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THE DEMI-GODS - list of The Supreme Recordings Hiend Audio Review
Albéniz : “Iberia” / Turina : Danzas fantásticas - Orchestre de la Suisse Romande conduit par Ernest Ansermet
As in numerous other works by Spanish composers, Isaac Albéniz’s aim in his Iberia Suite was to portray the landscape and express the zest for life which is so abundant in southern countries.
Infused with folkmusic elements, the suite is introduced by the dancelike Evocación which vividly evokes a picture of Iberia. The lush, extravagant harmonies and the stark contrasts of the dynamics in particular – from the softest pianissimo to the extreme fortissimo – certainly whet one’s appetite. Don’t worry – Spain has a lot to offer! The next movement, El Corpus en Sevilla transports us to Andalusia where a solemn procession is taking place to celebrate the feast of Corpus Christi.
This is followed by a sparkling Triana in which the various complex and brilliant rhythms of the national dances Almería, Rondeña and Fandango are ingeniously combined. And the two movements El puerto and El Albaicín are no less exciting: the first presents a rich potpourri of types of Spanish songs, while the second – held in the minor key – conjures up a picture of Granada’s gypsy quarter. Turina’s Danzas fantásticas are noted for their sumptuous orchestration and marked rhythms.
A better choice to round off this first-class recording, dedicated to Spanish tradition, is almost impossible to imagine.
Recording: Mai 1960 at Victoria Hall, Geneva by Roy Wallace / Production: James Walker.
Ernest Ansermet, conductor
Orchestre de la Suisse Romande
Isaac Albeniz (1860 - 1909)
Turina (1882 - 1949)
2. Danzas Fantasticas
Are your records completely analogue?
Yes! This we guarantee!
As a matter of principle, only analogue masters are used, and the necessary cutting delay is also analogue. All our cutting engineers use only Neumann cutting consoles, and these too are analogue. The only exception is where a recording has been made – either partly or entirely – using digital technology, but we do not have such items in our catalogue at the present time
Are your records cut from the original masters?
In our re-releases it is our aim to faithfully reproduce the original intentions of the musicians and recording engineers which, however, could not be realised at the time due to technical limitations. Faithfulness to the original is our top priority, not the interpretation of the original: there is no such thing as a “Speakers Corner Sound”. Naturally, the best results are obtained when the original master is used. Therefore we always try to locate these and use them for cutting. Should this not be possible, – because the original tape is defective or has disappeared, for example – we do accept a first-generation copy. But this remains an absolute exception for us.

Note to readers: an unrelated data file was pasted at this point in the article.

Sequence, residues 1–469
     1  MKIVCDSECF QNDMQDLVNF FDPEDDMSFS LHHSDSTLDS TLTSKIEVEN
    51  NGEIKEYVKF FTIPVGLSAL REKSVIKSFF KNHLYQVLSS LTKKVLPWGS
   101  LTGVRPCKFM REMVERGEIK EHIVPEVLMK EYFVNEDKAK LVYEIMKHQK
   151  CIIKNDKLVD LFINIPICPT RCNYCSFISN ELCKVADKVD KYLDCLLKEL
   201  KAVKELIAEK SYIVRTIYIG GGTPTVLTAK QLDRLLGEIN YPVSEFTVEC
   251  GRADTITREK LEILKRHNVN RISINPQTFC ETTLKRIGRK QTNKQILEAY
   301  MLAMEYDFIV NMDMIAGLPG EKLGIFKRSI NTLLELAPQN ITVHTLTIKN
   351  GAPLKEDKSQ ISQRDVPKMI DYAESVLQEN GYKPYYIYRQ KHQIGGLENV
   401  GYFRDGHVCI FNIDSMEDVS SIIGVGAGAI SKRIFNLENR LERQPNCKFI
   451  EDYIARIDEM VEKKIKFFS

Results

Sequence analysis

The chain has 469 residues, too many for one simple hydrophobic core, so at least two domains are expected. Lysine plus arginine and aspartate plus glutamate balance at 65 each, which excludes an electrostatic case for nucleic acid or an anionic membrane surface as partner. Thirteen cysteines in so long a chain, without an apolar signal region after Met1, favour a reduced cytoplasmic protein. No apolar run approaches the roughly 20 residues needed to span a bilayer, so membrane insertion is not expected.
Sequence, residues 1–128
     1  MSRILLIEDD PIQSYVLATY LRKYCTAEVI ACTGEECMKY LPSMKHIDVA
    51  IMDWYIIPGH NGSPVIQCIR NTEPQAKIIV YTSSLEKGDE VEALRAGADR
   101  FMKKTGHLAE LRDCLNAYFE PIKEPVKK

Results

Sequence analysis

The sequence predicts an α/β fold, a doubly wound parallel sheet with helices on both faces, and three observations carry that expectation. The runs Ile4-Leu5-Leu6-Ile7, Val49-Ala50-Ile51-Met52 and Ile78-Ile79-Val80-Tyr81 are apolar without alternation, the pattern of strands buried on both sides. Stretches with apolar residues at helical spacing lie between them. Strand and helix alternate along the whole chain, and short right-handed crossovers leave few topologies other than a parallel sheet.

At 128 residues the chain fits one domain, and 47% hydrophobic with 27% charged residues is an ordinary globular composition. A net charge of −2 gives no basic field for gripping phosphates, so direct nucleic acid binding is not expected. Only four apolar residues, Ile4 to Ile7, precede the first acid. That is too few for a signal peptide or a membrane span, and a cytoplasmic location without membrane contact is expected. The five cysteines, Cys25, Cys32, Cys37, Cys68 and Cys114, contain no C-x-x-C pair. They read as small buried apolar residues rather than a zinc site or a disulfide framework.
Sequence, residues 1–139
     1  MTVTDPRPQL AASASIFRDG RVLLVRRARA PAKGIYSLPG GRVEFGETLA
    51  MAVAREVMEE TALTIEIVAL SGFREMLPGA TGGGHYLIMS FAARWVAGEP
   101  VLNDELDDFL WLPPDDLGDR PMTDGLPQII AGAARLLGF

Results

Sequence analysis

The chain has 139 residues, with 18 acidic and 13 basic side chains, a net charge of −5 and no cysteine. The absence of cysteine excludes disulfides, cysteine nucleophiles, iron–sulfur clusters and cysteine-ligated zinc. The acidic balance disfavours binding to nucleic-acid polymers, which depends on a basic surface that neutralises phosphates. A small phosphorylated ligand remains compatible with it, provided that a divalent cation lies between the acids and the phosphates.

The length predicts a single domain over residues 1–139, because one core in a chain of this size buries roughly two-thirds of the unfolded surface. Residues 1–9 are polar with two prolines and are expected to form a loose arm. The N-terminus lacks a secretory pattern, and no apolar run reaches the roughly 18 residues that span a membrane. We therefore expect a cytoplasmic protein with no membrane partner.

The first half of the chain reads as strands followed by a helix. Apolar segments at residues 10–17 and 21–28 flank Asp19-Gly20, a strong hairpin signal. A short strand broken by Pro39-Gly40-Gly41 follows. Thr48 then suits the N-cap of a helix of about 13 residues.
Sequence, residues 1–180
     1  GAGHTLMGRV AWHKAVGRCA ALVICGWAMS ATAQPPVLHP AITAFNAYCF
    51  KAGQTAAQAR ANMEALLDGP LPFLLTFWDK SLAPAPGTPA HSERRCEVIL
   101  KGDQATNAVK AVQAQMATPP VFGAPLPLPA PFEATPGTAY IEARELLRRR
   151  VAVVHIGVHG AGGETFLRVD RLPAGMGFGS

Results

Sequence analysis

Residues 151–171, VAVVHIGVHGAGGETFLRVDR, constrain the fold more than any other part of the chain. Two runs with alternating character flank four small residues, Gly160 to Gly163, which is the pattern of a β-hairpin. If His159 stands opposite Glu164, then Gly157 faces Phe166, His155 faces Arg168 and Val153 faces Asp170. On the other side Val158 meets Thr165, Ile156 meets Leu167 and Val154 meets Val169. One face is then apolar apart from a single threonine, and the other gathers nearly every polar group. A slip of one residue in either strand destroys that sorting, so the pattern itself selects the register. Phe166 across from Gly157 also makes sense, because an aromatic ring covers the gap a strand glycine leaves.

Who cuts the records?
In order to obtain the most faithful reproduction of the original, we have the lacquers cut on the spot, by engineers who, on the whole, have been dealing with such tapes for many years. Some are even cut by the very same engineer who cut the original lacquers of the first release. Over the years the following engineers have been and still are working for us: Tony Hawkins, Willem Makkee, Kevin Gray, Maarten de Boer, Scott Hull, and Ray Staff, to name but a few.
At the beginning of the ‘90s, in the early days of audiophile vinyl re-releases, the reissue policy was fairly straightforward. Companies such as DCC Compact Classics, Mobile Fidelity, Classic Records and others, including of course Speakers Corner, all maintained a mutual, unwritten code of ethics: we would manufacture records sourced only from analogue tapes.
Vinyl’s newfound popularity has led many other companies to jump on the bandwagon in the hope of securing a corner of the market. Very often they are not so ethical and use every imaginable source from which to master: CDs, LPs, digital files and even MP3s.
Even some who do use an analogue tape source employ a digital delay line, a misguided ’80s and ‘90s digital technology that replaces the analogue preview head originally used to “tell” the cutter head in advance what was about to happen musically, so it could adjust the groove “pitch” (the distance between the grooves) to make room for wide dynamic swings and large low frequency excursions. Over time analogue preview heads became more rare and thus expensive.
So while the low bit rate (less resolution than a 16 bit CD) digital delay line is less expensive and easier to use than an analogue “preview head”, its use, ironically, results in lacquers cut from the low bit rate digital signal instead of from the analogue source!
Speakers Corner wishes to make clear that it produces lacquers using only original master tapes and an entirely analogue cutting system. New metal stampers used to press records are produced from that lacquer. The only exceptions are when existing metal parts are superior to new ones that might be cut, which includes our release of “Elvis is Back”, which was cut by Stan Ricker or several titles from our Philips Classics series, where were cut in the 1990s using original master tapes by Willem Makkee at the Emil Berliner Studios. In those cases we used only the original “mother” to produce new stampers.
In addition, we admit to having one digital recording in our catalogue: Alan Parsons’ “Eye in the Sky”, which was recorded digitally but mixed to analogue tape that we used to cut lacquers.
In closing, we want to insure our loyal customers that, with but a few exceptions as noted, our releases are “AAA”— analogue tape, an all analogue cutting system, and newly cut lacquers.
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